At a House Energy and Commerce subcommittee hearing yesterday, there was agreement on the need for stronger steps to confront the Western wildfires that can foul the air for weeks at a time. But heated jabs came over the role of climate as a contributing factor.
"If this Congress wants to truly address the increase in extreme wildfires, we must act to slow the global warming that is driving changes in climate and weather patterns," full committee ranking member Frank Pallone (D-N.J.) said in his opening statement.
Pallone went on to excoriate President Trump for a host of regulatory rollbacks and then broadened his attack to the congressional GOP.
"When are Republicans going to stop actively pursuing policies that make the problem worse?" he asked.
Pallone left the room soon after. But for Rep. David McKinley (R-W.Va.), the screed afforded "a little snapshot of what life could be like" if Democrats take the House in the November elections and Pallone becomes the panel’s chairman.
"The diatribe of challenging President Trump for everything on climate change just shows such a distraction that’s going to take place in this committee in the years ahead," McKinley said. "It’s just inexcusable."
If the hearing by the E&C Subcommittee on Environment was intended to focus on strategies for lessening and mitigating the vast amounts of air pollution resulting from ever-larger blazes, it also served to expose the enduring partisan split over the causes.
Although there was some consensus that judicious use of prescribed burning can help limit the intensity of such blazes, Democrats repeatedly mentioned climate change, which scientists say promotes drier conditions and higher temperatures. Republicans were more inclined to focus on federal forest management policies that they blamed for a buildup of tinder by limiting logging.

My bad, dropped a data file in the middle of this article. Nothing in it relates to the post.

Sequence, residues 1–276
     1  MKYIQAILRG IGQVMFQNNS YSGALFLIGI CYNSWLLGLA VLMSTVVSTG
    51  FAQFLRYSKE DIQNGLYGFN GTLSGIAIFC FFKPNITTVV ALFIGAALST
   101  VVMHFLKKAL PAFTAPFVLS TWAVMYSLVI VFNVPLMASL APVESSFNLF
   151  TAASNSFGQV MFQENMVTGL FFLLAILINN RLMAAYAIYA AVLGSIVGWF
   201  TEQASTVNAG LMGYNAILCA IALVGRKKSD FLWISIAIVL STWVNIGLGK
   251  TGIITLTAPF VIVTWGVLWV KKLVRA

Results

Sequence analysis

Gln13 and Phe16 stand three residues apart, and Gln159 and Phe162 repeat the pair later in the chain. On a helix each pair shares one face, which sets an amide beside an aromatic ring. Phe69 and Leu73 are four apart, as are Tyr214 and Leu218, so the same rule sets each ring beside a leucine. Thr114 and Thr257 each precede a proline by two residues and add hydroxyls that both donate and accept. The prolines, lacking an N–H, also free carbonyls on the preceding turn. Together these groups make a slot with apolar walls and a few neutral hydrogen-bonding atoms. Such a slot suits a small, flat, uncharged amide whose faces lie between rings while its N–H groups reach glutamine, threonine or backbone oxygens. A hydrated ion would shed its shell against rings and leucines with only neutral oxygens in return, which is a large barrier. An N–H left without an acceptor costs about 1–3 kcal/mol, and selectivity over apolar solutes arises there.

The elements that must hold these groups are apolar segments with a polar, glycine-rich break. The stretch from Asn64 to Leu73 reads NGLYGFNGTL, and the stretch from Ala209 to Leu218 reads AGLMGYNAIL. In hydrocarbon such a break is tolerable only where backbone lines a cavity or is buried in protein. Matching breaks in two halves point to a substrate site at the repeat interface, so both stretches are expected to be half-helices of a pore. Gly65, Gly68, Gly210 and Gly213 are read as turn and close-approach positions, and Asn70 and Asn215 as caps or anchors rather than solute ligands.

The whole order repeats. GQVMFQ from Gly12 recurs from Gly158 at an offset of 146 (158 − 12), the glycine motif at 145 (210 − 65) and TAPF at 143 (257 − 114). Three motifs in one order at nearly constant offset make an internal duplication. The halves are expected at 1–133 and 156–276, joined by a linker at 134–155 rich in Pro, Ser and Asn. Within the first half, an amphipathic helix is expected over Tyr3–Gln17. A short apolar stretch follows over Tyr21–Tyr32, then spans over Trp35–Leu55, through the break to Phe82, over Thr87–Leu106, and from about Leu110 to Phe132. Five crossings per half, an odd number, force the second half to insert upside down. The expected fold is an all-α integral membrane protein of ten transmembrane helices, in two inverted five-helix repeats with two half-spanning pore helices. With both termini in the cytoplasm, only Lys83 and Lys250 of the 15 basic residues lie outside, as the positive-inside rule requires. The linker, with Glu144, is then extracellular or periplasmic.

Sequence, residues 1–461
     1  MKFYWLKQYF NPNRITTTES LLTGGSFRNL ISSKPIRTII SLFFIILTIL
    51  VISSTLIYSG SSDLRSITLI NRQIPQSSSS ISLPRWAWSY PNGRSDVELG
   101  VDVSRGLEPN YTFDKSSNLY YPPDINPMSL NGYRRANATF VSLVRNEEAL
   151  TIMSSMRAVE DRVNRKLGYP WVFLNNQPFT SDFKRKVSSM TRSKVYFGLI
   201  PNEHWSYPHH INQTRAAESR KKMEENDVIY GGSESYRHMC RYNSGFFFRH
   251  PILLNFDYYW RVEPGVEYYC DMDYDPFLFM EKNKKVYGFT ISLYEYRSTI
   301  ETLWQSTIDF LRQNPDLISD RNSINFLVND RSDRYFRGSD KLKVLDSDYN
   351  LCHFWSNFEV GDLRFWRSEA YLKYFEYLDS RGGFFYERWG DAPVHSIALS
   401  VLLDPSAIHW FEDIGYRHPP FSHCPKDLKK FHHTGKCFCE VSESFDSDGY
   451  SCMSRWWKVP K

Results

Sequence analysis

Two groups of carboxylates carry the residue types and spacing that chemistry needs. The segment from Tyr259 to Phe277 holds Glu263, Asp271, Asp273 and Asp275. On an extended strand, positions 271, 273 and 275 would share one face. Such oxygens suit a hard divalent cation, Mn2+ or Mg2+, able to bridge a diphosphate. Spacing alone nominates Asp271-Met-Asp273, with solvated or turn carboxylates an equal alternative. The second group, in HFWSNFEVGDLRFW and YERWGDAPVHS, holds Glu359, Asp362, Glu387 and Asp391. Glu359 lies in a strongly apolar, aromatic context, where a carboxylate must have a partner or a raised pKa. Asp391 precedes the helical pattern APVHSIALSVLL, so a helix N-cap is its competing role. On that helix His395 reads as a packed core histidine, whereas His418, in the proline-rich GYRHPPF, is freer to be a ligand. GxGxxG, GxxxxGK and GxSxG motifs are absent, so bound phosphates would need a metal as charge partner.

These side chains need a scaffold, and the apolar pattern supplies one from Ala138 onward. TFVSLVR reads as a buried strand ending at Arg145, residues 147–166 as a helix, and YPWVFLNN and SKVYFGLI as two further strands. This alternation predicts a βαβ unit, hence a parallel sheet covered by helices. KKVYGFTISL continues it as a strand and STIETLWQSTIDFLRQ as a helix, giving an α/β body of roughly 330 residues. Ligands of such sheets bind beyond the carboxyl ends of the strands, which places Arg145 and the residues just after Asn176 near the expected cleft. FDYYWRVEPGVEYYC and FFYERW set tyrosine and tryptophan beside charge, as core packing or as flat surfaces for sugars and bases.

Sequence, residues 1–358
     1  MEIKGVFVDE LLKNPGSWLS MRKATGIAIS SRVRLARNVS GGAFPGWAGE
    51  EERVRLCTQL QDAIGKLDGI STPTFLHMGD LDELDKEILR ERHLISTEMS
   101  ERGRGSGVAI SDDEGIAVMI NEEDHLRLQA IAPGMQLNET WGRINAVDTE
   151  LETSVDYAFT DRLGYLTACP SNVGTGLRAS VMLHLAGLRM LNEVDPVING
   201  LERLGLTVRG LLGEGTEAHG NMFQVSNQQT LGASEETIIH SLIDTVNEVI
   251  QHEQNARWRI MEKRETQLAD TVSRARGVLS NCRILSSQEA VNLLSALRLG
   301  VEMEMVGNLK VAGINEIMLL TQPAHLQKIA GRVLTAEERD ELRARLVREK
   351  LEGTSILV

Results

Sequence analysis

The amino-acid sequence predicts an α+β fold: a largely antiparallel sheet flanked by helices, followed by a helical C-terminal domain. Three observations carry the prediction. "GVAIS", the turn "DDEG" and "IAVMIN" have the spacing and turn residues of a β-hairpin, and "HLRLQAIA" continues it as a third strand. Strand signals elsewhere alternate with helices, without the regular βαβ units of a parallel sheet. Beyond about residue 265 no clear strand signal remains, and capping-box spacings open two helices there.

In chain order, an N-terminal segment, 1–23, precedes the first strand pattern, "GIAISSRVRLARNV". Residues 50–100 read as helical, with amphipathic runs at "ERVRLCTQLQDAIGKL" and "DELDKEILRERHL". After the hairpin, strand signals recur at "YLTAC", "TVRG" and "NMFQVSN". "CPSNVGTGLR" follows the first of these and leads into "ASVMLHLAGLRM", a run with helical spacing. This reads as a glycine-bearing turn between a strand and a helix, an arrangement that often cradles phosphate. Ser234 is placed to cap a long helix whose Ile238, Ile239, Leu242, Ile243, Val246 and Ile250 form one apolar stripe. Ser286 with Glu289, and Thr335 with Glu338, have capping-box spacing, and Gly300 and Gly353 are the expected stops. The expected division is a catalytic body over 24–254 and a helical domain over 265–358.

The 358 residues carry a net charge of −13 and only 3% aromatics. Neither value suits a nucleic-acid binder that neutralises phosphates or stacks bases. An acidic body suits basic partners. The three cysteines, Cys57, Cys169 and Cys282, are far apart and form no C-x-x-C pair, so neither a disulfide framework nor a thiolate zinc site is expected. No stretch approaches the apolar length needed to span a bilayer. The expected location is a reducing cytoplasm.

"We need to back up as a nation and start talking about how we manage our forests," Rep. Jeff Duncan (R-S.C.) said, adding, "That means more timber activity." In West Virginia, the Monongahela National Forest "is becoming a nursing home for wood," McKinley said.
Dire impacts described
For the most part, the panel of five witnesses was less concerned with debating the reasons for larger and more frequent blazes than in describing their increasingly dire effects and what can be done about them.
Idaho, for example, used to experience "heavy localized" wildfire-related air pollution every three to four years, said Mary Anderson, a senior air official in the Idaho Department of Environmental Quality.
Now, the state is seeing "heavy regional air quality impacts every year" from sometimes catastrophic wildfires in Idaho, other Western states and Canada, Anderson said. As a result, she added, Idaho residents are exposed to very unhealthy or hazardous air quality every year.
In neighboring Montana, the 1.2 million acres burned last year was roughly the size of Delaware, State Forester Sonya Germann said. In the past 11 years, the air quality standards for particulate matter have been exceeded almost 580 times, she said, with more than one-third of those violations occurring in 2017.
Because of climate change, excessive "fuel loading" and other factors, Germann said, more than 85 percent of Montana’s forests are at "elevated wildfire hazard potential."
Like other witnesses, Germann urged more reliance on prescribed burning, which is already widely used in the Southeast where most forest land is privately owned. Although such controlled blazes won’t prevent wildfires, she said, they can lessen the amount of smoke the fires produce.
Yesterday’s hearing was the second by the Environment Subcommittee related to the health effects of wildfires following a first-ever foray into the subject last fall (E&E Daily, Oct. 5, 2017).
Asked afterward whether there were plans for any legislation, E&C Chairman Greg Walden (R-Ore.) noted that the committee’s jurisdiction doesn’t encompass federal forest policy but said lawmakers would now be better informed when such measures come up in the House.
What’s important, Walden said, "is members of both parties who aren’t from the West are learning what we’re facing in the West. We’re trying to elevate the problems — the deadly problems — that people in these communities are suffering from."